Invest in a cow!

Investing in a cow is giving investors a return of 6%, five times more than the popular savings account the Livert A.

26 March 2014
By

AN innovative farm funding plan is proving to be a real-life cash cow – giving investors a return of 6%, nearly five times that of France’s most popular savings account the Livret A.

Yvelines farmer Jean-Baptiste Galloo came up with an idea where people invest in his cows and get a return in kind, not money, based on the Middle Ages-era bail à cheptel or contrat de gazaille system.

He said: “I started four years ago after the banks refused me the loan I needed to grow the farm. I wanted a way to allow my customers, who all live locally, to be able to work with me and become more involved in the farm and the animals.

“When I read about bail à cheptel I remembered customers talking about wine investment where people were paid in bottles of wine. I thought that they could invest with me and be repaid in farm produce.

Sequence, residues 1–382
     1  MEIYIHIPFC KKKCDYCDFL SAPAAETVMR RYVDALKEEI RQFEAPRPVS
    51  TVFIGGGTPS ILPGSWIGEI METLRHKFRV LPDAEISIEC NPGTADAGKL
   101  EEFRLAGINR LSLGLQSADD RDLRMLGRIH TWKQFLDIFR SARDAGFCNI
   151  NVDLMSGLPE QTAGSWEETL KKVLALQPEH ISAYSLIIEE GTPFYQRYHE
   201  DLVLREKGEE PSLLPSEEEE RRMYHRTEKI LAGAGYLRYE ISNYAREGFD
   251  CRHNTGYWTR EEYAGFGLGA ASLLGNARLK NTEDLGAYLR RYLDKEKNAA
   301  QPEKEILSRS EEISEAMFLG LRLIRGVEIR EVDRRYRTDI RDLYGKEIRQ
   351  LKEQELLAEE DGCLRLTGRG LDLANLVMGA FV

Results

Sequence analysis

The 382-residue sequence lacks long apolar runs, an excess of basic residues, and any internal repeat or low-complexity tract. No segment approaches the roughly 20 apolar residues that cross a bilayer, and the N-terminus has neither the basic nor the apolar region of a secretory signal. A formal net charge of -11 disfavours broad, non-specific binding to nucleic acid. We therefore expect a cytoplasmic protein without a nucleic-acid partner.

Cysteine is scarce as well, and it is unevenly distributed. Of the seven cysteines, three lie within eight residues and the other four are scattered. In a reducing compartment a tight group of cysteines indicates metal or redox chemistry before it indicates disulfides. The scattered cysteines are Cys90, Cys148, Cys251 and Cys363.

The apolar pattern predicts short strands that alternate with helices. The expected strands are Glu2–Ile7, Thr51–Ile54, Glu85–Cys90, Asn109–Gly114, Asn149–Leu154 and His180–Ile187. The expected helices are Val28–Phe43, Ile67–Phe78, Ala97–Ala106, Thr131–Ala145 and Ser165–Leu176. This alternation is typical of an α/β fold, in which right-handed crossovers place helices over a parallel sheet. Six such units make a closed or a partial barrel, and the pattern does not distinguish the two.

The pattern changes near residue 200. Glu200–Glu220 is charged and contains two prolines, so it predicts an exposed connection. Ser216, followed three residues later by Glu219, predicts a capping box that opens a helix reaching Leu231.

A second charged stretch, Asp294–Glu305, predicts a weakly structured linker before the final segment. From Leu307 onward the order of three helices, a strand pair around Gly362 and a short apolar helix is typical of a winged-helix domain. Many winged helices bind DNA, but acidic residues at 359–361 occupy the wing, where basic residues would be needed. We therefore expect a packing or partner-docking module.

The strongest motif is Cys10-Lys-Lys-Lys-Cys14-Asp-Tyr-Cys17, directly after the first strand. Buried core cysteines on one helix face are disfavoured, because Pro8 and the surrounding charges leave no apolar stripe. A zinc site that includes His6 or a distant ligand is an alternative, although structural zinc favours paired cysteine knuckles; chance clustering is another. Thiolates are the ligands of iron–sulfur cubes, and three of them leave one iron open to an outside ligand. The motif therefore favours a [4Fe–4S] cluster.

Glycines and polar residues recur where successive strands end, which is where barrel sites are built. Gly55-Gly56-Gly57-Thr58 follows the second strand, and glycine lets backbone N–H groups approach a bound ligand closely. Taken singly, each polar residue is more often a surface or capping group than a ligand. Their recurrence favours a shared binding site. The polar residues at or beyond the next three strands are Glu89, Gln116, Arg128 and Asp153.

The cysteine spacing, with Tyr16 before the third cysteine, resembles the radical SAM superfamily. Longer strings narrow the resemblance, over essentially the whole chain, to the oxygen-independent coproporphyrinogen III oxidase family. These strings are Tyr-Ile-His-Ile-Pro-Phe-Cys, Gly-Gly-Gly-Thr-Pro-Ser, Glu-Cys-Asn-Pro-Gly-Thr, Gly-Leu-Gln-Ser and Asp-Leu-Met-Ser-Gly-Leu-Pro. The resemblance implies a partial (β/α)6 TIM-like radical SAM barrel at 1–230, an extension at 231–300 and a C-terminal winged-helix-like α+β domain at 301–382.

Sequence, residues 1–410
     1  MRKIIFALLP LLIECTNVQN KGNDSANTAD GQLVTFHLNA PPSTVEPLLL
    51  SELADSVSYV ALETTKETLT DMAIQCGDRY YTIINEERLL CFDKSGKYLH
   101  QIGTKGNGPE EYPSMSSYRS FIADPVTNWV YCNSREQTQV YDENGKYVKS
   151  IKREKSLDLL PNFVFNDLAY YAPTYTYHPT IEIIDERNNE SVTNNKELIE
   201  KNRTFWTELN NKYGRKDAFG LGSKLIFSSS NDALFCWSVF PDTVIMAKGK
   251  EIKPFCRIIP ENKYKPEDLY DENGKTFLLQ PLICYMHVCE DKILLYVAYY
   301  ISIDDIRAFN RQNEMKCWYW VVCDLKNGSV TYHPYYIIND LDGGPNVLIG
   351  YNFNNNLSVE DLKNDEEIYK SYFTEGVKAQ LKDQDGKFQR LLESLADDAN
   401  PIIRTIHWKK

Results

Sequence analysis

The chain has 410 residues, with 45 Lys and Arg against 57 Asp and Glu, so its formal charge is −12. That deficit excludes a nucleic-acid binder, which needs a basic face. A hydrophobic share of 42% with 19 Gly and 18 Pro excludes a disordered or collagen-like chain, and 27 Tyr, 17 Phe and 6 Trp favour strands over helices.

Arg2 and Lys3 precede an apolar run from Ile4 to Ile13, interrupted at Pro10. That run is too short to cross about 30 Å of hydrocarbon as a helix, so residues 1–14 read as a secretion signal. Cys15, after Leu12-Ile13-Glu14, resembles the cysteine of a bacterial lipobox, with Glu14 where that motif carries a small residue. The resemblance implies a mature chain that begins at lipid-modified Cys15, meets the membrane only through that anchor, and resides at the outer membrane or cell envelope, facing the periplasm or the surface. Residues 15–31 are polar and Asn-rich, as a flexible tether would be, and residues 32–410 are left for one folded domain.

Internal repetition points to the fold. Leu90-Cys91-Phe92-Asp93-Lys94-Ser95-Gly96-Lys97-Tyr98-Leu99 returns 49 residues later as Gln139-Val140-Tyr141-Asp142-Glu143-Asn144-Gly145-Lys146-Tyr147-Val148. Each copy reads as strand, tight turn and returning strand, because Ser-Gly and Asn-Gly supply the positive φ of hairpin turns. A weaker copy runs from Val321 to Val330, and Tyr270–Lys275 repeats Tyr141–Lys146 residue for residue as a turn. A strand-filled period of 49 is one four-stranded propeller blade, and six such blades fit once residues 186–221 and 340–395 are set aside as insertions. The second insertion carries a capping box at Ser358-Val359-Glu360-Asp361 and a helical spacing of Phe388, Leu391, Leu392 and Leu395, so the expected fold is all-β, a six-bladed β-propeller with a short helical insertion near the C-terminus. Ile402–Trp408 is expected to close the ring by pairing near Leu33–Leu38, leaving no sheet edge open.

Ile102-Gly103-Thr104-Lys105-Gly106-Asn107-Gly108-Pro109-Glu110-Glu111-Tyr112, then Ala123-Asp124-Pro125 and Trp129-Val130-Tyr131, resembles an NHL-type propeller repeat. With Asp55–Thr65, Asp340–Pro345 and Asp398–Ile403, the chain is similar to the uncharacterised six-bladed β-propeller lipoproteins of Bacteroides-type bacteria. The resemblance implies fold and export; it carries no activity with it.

“I started with 10 cows in 2010: people paid €1,800 for each and we signed a four-year contract where I promised to give them vouchers for €108
each year to buy our meat or other products. They also get a 3% discount on all purchases.”

The €108 voucher equals a 6% return on their investment but Mr Galloo said both sides got much more out of it as the investors were also customers and would bring their families to see their cow, learn about farm life and buy farm goods.

Being paid in kind means there is no tax and Mr Galloo covers the feeding, rearing and health costs of the animals.
The first leases come to term later this year and Mr Galloo then buys back the cows at their original price. More than 100 other people now want to join the scheme and take them over.

The meat has to be picked up at his Ferme Aux Quatre Etoiles at Auffargis (see les4etoiles.free.fr). One family travels from 100km away to get theirs and see the cows.

A farmer in Ariège, Midi-Pyrénées is now also offering the scheme and Mr Galloo said he would like to see some sort of “crowdfunding” plan so others could benefit.
He said the plan had more than met his hopes and added:
“It saved my life. I would no longer have been able to farm if I had not found this.
“It allowed me to avoid dealing with the bank and my customers like the idea of investing in the local economy.”

A similar scheme is offered by the Rhône company Gestel which gives a cash return on investment. In this case there is no link with a specific farm and the money is spread across dairy herds throughout France.

Photo: Jean-Baptiste Galloo

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